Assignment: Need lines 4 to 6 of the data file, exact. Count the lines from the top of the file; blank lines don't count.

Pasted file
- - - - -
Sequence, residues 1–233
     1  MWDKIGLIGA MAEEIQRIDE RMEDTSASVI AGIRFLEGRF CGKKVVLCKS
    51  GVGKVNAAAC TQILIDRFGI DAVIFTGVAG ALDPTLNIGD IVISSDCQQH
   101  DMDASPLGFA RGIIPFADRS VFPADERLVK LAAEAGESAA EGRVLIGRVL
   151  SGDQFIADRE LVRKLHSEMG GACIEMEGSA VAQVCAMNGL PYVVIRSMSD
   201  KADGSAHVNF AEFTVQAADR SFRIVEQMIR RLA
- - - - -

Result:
   101  DMDASPLGFA RGIIPFADRS VFPADERLVK LAAEAGESAA EGRVLIGRVL
   151  SGDQFIADRE LVRKLHSEMG GACIEMEGSA VAQVCAMNGL PYVVIRSMSD
   201  KADGSAHVNF AEFTVQAADR SFRIVEQMIR RLA